Then explain your work to another pair of students and discuss it with them. If necessary, make changes to your table.

Copy your table onto your original poster.

Activity 5: A political situation in a factory

Look at the following grid. It describes a political situation. Some parts of the table are not filled in. Copy the table into your workbook. Think about the missing parts of this table and work with your partner to complete it.

There are no ‘right’ answers - you just have to think of something that makes sense.

Your teacher will then help you explain your work to the rest of the class.

A political situation: In a factory

The situation
People who want change
People who work in the factory
People who may not want change
The people who own the factory.
Their reasons Their reasons
If they have to pay their workers more, the owners will not make as much money themselves. Perhaps it will not be worth running the factory at all.
Their strategy Their strategy
A good result for them A good result for them
A good result for both groups

Activity 6: Celebrating politically active Australians

We may not realise it, but the names of politically active Australians are all around us. Your school might even be named after one of them! Listed below you can see just a few of the ways we remember these people.

The ways we remember politically active Australians

Schools and universities
Alfred Deakin High School (ACT)
John Curtin Senior High School (WA)
Peter Lalor Secondary College (Vic)
Griffith University (Qld)
Places
Parkes (NSW)
Gawler (SA)
Stirling (WA)
Serviceton (Vic)
Monuments
Dunmore Lang statue (Sydney)
John Flynn memorial (Alice Springs)
Electorates
Calwell (Vic)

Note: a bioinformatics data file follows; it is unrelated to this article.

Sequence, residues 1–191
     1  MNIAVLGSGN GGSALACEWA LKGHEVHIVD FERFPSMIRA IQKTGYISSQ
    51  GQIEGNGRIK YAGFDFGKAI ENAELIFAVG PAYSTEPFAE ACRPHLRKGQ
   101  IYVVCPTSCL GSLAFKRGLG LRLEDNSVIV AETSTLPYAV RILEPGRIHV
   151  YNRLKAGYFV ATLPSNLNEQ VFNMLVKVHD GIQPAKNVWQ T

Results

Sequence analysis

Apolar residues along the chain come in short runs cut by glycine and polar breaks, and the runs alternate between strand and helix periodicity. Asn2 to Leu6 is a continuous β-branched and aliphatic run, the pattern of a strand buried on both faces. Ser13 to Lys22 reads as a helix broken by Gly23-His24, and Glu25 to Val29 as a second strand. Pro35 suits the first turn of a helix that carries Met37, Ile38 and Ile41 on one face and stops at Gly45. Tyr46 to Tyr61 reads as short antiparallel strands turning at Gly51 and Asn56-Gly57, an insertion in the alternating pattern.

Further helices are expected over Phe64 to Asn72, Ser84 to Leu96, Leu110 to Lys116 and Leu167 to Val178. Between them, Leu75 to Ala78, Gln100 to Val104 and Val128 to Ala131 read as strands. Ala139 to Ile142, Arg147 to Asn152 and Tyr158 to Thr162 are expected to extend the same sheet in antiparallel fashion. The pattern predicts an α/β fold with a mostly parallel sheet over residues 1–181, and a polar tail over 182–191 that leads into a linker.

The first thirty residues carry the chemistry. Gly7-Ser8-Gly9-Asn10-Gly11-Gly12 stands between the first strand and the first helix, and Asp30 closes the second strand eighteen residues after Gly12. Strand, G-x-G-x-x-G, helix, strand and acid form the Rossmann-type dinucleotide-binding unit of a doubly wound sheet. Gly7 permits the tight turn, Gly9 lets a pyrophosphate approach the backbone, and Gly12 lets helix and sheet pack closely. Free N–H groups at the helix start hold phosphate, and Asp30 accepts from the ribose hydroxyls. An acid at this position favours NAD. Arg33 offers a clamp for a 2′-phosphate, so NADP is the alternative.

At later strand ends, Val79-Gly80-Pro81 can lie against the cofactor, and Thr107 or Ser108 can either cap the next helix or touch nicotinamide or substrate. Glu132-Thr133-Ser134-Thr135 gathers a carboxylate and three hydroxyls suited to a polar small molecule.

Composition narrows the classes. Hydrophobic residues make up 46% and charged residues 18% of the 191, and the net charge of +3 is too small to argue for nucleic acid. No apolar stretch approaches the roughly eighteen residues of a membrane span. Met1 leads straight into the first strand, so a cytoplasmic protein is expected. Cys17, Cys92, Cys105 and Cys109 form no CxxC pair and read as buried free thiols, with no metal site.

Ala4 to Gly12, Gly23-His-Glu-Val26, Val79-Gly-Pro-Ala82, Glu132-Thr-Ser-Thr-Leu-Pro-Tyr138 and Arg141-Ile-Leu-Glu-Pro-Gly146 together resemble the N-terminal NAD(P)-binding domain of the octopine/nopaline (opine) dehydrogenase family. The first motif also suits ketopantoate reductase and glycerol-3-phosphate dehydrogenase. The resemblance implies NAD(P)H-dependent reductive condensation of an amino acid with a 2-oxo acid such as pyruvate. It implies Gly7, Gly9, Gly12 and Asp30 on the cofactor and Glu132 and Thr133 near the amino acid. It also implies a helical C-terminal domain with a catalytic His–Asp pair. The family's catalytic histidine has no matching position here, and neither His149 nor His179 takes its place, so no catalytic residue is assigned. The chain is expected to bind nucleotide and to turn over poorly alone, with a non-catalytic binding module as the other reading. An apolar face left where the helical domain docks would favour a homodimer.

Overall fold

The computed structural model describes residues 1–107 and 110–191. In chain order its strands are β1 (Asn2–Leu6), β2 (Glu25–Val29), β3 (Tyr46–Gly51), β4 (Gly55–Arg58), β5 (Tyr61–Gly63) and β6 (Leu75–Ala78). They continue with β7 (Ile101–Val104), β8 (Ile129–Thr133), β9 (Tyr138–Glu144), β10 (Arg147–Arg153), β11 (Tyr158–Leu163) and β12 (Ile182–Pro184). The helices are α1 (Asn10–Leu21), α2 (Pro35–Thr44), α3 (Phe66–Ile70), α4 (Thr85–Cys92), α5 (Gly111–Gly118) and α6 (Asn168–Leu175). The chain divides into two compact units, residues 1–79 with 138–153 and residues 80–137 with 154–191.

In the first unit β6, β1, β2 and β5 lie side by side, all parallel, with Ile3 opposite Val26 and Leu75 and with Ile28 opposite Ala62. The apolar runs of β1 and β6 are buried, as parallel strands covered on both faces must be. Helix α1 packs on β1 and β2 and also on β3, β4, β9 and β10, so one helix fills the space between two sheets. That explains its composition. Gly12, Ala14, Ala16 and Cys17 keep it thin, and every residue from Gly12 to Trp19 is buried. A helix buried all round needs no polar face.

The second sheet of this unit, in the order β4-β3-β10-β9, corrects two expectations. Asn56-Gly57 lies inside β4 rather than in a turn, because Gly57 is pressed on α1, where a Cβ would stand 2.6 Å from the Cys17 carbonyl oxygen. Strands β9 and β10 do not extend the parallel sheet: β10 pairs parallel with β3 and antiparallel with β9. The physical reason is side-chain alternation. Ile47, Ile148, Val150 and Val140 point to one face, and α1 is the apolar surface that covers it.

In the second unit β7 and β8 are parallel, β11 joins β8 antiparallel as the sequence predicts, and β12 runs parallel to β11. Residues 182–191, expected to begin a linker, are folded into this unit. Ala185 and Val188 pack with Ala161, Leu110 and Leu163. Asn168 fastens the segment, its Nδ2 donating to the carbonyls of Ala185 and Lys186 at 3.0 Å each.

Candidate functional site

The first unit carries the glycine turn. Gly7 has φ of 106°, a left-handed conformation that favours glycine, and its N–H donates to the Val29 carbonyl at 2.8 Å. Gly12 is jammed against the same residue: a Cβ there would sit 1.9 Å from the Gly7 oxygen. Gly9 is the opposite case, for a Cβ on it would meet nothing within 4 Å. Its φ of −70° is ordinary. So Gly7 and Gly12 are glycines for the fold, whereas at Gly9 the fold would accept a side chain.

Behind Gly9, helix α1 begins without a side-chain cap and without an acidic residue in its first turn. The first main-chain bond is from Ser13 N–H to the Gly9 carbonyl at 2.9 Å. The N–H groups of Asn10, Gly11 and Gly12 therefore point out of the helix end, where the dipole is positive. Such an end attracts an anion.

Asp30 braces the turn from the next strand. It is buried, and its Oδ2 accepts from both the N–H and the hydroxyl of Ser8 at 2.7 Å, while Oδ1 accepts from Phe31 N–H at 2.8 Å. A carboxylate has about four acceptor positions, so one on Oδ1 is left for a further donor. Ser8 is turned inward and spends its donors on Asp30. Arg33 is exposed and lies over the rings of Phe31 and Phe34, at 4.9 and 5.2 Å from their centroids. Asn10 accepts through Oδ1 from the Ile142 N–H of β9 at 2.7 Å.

Tangney (WA)
Fisher (Qld)
Hughes (NSW)
Lyons (Tas)
Kingston (SA)
Fraser (ACT)
Streets, highways and waterways
Tonkin Highway (Perth)
William Slim Drive (Canberra)
Whitlam Square (Sydney)
Franklin River (Tas)
Darling River (NSW)
Stamps and money
Caroline Chisholm (original $5 note, 1967)
Louisa Lawson (10c stamp, 1975)
Catherine Spence (10c stamp, 1975)
Enid Lyons & Dorothy Tangney (45c stamp, 1993)
Five wartime prime ministers (45c stamps, 1994)

National Philatelic Collection, Australia Post

National Philatelic Collection, Australia Post.
Copyright Australia Post. Alteration of this image in any way is forbidden.

6a Find out which places or things in your local area (or State or Territory) are named after politically active Australians. Ask your parents or people in your community for information. You could also ask at your local shire or municipality. Sometimes you can find statues or memorials to important people.

6b Bring your findings back to the classroom and make a class list.
Stories Parliament

6c Choose a person from your list or from ‘The ways we remember politically active Australians’ to research. You may find information in the ‘people’ section of the Stories of Democracy and the Parliament at Work CD ROMs or on Parliament@Work website. Your teacher will help you to find books, CD ROMs and Internet sites that have the information you need.

6d Copy a large version of the biography file below into your workbook. Fill it in with information about the person you have chosen. Under ‘Suggested memorial’ write a short description of the person that could be used as an inscription on a memorial stone, for example:

Emma Maloney
1880-1921
Fought for women’s rights
Friend to children and the poor
Joseph Rossetti
Mayor 1860-1930
He gave the city clean water
and preserved the people’s health

Biography file

Name  
Early life  
Education  
Beliefs  
Aims  
Strategies  
Political achievements  
Suggested memorial  

ESL activities